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He wakes up in a strange, clinically-lit room. He's safe for the two seconds it takes for him to realise it's not a hospital. And to notice Dick is in just as awful condition right beside him.

He feels rope digging at his skin. It's not metal, and not tied particularly tight. He surmises they're in one of two possible situations: they've been kidnapped by idiots, or they're being set up to run around like rats. He doesn't really appreciate either, but the first is at least slightly appealing. Idiots are fun, he likes freaking them out, winding them up a little, acting like he's gonna let loose. He never does, half of them don't deserve actual retribution, but it usually scares them away. Makes them rethink a bit. Lets him sleep better at night when he wonders what shit he's ever done for this city.

The second option is upsetting. If they have Dick, this is a Bat matter. Not some personal vendetta against Jay himself, which is completely unoriginal and something he's dealt with countless times, and so beyond boring he can no longer muster up enough fucks to give. But a personal vendetta against the Bats? He doesn't usually get dragged into those. Even to the scum of this Earth, he's not quite as morally high-strung as he needs to be to get dragged in with Bruce and the Justice Crew.

So he offers out the tree branch. "You okay, Nightwing?"

"Man, aside from feeling like I took one too many baseball bats to the head? Yeah, fine." Dick pauses, chews his lip. "Oh, shit," he says, eventually. "We're fine."

"And Detective Lite catches on!" Jay would clap, if his hands weren't burning and straining against his bonds. "Please tell me you know what this is about. Say you know this MO, and that you keep a nice, neat track record of all the people who want to off you and pin your head on their wall."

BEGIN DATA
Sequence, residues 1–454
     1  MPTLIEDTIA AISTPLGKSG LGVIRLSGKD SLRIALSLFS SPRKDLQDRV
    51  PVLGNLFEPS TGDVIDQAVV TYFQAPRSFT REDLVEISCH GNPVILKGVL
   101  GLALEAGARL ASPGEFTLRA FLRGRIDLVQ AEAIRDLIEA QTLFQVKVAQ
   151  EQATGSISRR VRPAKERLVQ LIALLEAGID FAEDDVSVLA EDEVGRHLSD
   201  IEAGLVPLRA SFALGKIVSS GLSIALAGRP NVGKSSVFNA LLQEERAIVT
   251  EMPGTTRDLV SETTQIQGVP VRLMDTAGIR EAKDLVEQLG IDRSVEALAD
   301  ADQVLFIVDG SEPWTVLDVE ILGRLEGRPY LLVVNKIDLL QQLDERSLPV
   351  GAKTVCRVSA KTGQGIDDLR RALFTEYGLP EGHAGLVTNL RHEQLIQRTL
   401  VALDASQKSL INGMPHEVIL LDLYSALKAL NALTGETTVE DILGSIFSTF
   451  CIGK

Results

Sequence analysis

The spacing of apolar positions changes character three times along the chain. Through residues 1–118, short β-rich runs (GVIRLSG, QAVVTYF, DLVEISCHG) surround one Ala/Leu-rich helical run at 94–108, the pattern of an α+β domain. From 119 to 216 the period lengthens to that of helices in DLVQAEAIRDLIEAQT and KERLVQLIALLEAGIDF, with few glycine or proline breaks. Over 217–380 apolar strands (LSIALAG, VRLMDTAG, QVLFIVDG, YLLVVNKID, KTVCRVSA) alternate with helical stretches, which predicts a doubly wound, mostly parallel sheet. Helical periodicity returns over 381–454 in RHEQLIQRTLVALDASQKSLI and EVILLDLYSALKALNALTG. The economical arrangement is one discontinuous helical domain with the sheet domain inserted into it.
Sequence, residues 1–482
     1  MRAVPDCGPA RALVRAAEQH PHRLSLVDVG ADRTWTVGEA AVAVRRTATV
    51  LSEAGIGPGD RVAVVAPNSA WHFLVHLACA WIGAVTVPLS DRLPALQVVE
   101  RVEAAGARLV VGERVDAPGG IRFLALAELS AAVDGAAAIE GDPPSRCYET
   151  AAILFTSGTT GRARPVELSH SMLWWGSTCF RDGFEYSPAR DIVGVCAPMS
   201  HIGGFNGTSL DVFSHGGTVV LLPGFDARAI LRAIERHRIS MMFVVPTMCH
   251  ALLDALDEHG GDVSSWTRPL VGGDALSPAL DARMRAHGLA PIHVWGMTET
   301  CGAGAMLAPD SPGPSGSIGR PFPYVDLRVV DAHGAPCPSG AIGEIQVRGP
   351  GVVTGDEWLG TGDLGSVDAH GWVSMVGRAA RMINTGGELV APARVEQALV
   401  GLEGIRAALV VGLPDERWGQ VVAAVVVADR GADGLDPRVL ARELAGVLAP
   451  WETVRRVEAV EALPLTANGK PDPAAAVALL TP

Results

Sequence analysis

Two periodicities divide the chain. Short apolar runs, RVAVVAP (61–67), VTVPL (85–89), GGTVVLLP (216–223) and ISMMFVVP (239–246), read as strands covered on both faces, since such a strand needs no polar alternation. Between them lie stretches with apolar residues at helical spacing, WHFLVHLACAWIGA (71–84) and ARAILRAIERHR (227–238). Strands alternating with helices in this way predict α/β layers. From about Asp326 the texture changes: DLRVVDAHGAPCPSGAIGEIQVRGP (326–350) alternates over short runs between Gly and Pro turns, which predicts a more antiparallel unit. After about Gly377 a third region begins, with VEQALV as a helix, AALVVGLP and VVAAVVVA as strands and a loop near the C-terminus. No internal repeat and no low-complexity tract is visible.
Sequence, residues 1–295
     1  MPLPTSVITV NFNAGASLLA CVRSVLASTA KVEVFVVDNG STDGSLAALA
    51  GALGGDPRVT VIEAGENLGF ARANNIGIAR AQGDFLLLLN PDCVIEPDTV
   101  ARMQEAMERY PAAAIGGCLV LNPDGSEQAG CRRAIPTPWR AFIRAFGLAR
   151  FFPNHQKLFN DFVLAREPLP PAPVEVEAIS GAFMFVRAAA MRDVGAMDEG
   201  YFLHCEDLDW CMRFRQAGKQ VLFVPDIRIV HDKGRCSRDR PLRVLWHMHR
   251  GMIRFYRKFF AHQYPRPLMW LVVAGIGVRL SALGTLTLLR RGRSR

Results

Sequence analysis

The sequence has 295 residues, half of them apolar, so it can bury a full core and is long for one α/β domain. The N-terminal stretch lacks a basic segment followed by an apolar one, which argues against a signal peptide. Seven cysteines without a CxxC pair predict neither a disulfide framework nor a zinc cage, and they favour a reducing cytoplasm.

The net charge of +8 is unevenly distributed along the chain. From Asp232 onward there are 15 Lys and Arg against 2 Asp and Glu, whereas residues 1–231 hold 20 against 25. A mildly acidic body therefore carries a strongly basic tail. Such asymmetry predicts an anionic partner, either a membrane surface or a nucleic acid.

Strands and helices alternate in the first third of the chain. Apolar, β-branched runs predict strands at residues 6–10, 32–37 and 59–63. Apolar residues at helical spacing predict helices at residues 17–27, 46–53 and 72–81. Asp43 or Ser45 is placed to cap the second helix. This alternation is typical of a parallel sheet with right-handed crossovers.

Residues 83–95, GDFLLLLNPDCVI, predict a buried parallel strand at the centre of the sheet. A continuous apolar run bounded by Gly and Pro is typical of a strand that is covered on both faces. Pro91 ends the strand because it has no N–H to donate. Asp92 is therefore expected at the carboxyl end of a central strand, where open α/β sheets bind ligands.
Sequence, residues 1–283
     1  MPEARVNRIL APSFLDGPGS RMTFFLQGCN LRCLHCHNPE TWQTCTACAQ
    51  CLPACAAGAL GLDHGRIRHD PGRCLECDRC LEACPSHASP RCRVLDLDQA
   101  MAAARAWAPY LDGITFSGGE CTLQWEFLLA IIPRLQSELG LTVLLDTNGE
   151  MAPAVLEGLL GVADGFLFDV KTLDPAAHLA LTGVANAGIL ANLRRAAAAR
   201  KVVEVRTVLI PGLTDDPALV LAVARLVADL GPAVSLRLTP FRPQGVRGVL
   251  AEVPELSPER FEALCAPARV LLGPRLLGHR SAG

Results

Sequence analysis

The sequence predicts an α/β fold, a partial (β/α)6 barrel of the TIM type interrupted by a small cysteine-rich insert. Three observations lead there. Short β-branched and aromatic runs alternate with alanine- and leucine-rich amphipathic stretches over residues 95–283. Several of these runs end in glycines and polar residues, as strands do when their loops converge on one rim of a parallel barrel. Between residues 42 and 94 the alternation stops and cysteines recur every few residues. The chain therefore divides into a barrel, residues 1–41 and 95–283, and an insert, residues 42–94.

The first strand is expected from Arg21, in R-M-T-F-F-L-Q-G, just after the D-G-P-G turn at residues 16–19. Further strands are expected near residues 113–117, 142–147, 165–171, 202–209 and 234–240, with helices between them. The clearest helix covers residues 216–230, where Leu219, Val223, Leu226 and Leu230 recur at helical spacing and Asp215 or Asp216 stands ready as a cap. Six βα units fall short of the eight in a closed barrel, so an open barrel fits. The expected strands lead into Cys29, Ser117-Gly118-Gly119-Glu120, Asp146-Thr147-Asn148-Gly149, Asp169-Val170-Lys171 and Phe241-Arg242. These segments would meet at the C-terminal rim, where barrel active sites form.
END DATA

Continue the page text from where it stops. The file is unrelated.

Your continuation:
"That's a pleasant image," Dick quips. "I do. But the clinical approach is overrated, these days. Too many bad guys are trying it, now. It's the flavour of the week."

Jay breathes in, slow, and exhales. "It could be anyone. That's what you're saying."

"You're not gonna tell me you don't think we'll figure it out, are you?" Dick snorts at this, as if the thought itself is so absurd it's ventured into amusing. "I'm almost out of these. How about you?"

Jay hums. "Gimme somewhere around twenty seconds and I'll be good."

"Game plan?"

"When they can hear us?"

Dick shrugs off the ties, and Jay's comment. "Makes no difference either way. What code do we have that they can't break?"

"Bird calls."

"Shut up." Dick laughs. "You wanna pick a door to take?"

"Go left. People always go right. So we'll go left."

Dick stretches, hunts around his back for any leftover weapons. Jay just shakes his head. He noticed the familiar imprint of his pistols against his thigh was missing ages ago. "I'm taking it we'll try to get out of here, but I'm pretty sure it's not gonna be that easy. Don't know why I feel this way, Hood, I've gotta say. It's very unusual for this city." Even as blood wells from his cut wrists, he's making more laughlines. Trust him to keep it cheery.

"Not at all its style. Watch your back, bird boy. I think we're about'ta meet the monster under the bed."